Who’s Observing at the Polls?
By Wendy Underhill | Vol . 24, No. 38 / October 2016
Did You Know?
- “Election observers must be allowed uniform and nondiscriminatory access to all stages of the election process,” according to North Dakota code.
- Several states do not specify rules for observers, leaving it up to local election officials.
- Non-partisan, data driven observation can help improve the voting experience.
Voters are the most important people at the polling place on Election Day; it’s their show. Poll workers are important players too—they manage the production. And yet there may be a number of walk-on parts for people who are at the polls to observe rather than to participate.
Partisan poll watchers are common. Nonpartisan election observers are also out and about during general elections. Some are academics, some are international observers, some are representing citizen groups and some are just interested citizens. The Carter Center and NCSL teamed up this year to figure out exactly who’s doing all these observations, and why they do it.
The “why” is simple. “Election observation helps to strengthen election processes by providing information and recommendations to hard-working and over-stretched election administrators as the election unfolds,” says Avery Davis-Roberts from the Carter Center. She points out that observation regulations vary greatly across jurisdictions, and that having clearer rules would help “institutionalize trust and good communication between observers and election administrators.”
The rules may vary for different types of observers, but all observers in the U.S. have at least three things in common:
Legislators set the policy (or at least can choose to do so). None are permitted to interfere with the voting process. All aim is to ensure that the election is well-run, often by providing feedback to election officials.
Partisan Observers. Commonly known as poll watchers, these party people are deployed to do two things: report to their party headquarters about who has voted and who still needs a “nudge” to vote, and watch for any missteps in election processes. They’ve been in use for at least 100 years as a way to promote election integrity, with the idea that if both parties are watching, it’s much harder for either to tamper with the votes. Virtually all states govern how many watchers a party can send to each polling place, and at least 41 states have some kind of accreditation process for them.
Nonpartisan Citizen Observers. This category includes citizens and members of civic organizations who are interested in the integrity of the election for its own sake. In some cases, they are able to report election administration issues as soon as they arise, thereby helping administrators to respond immediately.
Often, these observers volunteer because they have some concern about procedures, and end the day by providing testimonials to the good work they observed. Nine states and the District of Columbia have explicit statutory provisions to allow nonpartisan observers, and nine states provide general public access. Most other states provide access on an ad hoc basis.
International observers. The United States is a founding member of the Organization for Security and Cooperation in Europe (OSCE), and signed the 1990 Copenhagen Document, an agreement that gives member countries the right to observe each other’s elections. At the invitation of the U.S. State Department, OSCE sends international election observers to this country to see first-hand how elections work. This year, the Organization of American States will also send observers. Teams of observers may fan out over a dozen or more states. Each team prepares reports on their observations that are compiled to create a national-level report.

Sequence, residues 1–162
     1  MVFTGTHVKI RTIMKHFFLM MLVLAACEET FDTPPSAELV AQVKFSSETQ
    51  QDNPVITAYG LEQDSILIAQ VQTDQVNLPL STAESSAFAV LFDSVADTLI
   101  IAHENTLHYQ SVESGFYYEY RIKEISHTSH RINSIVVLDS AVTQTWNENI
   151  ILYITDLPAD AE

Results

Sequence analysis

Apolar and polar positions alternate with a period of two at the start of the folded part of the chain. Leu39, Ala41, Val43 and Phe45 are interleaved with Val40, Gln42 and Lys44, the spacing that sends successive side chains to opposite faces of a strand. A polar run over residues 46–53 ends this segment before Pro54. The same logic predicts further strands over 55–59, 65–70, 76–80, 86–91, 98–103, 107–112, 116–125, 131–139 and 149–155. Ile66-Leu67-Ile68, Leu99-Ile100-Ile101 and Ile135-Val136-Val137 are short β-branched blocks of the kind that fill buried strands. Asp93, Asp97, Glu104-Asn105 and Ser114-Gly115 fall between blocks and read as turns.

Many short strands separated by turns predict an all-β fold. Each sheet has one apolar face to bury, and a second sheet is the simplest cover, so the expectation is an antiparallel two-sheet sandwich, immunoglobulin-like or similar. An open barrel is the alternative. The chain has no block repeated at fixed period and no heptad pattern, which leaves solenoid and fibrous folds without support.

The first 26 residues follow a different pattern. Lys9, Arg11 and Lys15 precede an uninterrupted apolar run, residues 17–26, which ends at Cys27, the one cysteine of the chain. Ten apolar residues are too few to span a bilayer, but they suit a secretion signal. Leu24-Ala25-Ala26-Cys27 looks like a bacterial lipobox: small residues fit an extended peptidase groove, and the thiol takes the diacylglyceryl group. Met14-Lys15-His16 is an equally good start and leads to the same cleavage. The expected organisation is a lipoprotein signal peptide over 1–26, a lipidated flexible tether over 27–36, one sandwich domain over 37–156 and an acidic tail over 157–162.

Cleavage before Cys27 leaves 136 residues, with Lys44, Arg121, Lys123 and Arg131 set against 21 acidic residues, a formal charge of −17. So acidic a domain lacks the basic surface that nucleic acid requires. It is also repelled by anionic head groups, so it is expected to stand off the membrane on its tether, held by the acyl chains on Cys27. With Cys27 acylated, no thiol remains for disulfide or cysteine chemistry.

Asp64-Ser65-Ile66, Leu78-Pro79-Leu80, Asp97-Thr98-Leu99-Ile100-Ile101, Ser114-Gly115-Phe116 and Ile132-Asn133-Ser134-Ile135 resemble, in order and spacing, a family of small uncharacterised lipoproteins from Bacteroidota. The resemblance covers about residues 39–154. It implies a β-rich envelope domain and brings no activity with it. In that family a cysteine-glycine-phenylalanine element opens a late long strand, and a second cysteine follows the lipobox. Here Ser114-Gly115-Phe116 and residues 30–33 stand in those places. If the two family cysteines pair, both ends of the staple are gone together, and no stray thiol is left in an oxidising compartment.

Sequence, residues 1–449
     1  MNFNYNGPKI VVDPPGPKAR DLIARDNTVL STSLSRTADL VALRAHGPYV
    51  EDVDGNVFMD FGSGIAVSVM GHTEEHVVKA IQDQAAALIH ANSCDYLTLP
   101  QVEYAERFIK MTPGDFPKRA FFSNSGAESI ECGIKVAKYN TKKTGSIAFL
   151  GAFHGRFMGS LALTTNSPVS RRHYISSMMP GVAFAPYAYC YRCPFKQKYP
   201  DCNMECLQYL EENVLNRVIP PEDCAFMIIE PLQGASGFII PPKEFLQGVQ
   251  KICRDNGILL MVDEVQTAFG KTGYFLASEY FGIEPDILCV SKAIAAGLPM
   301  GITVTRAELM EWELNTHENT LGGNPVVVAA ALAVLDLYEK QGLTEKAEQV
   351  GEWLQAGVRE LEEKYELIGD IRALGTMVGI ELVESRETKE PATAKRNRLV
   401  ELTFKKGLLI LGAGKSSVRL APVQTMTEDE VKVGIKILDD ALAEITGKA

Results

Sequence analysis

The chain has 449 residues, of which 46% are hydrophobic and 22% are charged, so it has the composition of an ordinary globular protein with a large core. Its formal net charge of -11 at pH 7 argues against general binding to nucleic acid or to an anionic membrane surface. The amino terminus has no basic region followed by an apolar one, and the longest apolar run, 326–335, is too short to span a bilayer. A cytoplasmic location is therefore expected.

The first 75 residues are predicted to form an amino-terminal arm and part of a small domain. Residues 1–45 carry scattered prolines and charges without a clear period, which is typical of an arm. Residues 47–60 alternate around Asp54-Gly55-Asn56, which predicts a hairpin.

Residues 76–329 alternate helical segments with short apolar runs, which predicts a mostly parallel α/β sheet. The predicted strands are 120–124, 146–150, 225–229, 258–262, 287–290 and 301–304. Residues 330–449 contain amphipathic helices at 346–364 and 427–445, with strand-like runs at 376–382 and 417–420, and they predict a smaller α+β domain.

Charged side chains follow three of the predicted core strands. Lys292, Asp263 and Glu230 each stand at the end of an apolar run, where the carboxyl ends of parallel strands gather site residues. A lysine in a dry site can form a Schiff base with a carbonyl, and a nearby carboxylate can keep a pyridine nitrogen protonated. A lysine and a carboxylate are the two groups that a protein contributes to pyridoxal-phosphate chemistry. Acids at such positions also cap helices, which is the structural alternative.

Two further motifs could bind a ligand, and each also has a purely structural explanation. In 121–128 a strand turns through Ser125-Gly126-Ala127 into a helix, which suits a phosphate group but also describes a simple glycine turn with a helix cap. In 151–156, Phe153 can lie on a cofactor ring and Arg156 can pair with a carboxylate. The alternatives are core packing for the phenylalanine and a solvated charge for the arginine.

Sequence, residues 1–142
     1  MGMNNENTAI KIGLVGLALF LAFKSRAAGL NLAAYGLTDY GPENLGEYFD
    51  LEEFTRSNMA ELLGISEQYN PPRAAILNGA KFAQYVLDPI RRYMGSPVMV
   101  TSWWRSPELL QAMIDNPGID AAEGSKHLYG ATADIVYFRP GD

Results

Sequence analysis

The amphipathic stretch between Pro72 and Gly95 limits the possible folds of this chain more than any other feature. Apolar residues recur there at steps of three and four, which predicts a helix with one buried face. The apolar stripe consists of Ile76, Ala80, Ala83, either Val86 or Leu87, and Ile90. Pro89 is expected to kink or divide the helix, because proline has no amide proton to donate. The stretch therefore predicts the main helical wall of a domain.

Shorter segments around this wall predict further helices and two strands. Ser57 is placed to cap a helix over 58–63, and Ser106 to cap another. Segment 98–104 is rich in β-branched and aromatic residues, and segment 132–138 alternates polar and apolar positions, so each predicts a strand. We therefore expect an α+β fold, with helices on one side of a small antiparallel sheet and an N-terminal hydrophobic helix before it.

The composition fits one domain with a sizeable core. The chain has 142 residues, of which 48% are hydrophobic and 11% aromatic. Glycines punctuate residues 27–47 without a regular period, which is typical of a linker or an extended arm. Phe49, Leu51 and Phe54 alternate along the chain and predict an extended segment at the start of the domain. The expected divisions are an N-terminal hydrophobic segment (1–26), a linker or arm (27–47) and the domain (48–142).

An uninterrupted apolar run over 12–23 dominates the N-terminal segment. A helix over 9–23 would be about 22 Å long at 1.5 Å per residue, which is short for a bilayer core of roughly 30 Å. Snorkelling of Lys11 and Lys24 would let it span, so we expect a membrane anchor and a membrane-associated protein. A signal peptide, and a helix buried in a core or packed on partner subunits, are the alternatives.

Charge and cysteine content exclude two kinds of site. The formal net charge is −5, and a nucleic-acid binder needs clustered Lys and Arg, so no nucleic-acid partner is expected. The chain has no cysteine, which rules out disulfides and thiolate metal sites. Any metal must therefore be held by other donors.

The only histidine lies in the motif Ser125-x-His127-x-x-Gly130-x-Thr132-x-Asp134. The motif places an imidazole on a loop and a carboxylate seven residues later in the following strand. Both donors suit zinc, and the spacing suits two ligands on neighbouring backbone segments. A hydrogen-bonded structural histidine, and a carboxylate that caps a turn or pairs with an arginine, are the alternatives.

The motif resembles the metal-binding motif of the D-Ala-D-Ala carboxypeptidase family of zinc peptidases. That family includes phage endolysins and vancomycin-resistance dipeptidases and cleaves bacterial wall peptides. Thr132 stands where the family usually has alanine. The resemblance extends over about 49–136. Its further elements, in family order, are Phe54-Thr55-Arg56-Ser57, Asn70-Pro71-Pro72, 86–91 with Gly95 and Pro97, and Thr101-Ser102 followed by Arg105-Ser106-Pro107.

Six states plus the District of Columbia explicitly allow international observers, either in statute or regulation. Of these, two states (Missouri and New Mexico) and D.C. use the term “international observers” as part of their regulatory language and the other four (Hawaii, North Dakota, South Dakota and Virginia) have statutory language that is inclusive of many types of observers. Some states do not permit international observers.
Academic observers. A much smaller number of academics look at election procedures and administration. States may be explicit about granting permission, such as New Mexico, where statute (N.M. Stat. Ann. §1-1-3.2) identifies an observer as “a person registered with the United States department of state as an international election observer or a person registered with the New Mexico secretary of state who is an academic engaged in research on elections and the election process.”
The Voting Rights Act of 1965 allows the appointment of federal observers from the Department of Justice (DOJ) to monitor elections when there are concerns about compliance with federal law. Questions about racial discrimination during the polling process, compliance with bilingual election procedures, inadequate accessibility for disabled voters or similar issues can trigger their deployment. These observers are trained to remain neutral and impartial.
In 2008 and 2012, the DOJ assigned federal observers to 23 states. Following the decision of the U.S. Supreme Court in Shelby Co. v Holder (2013) the number of federal observers this year will be much smaller. So far, as determined by court orders, jurisdictions in five states (Alabama, Alaska, California, Louisiana and New York) will receive federal observers.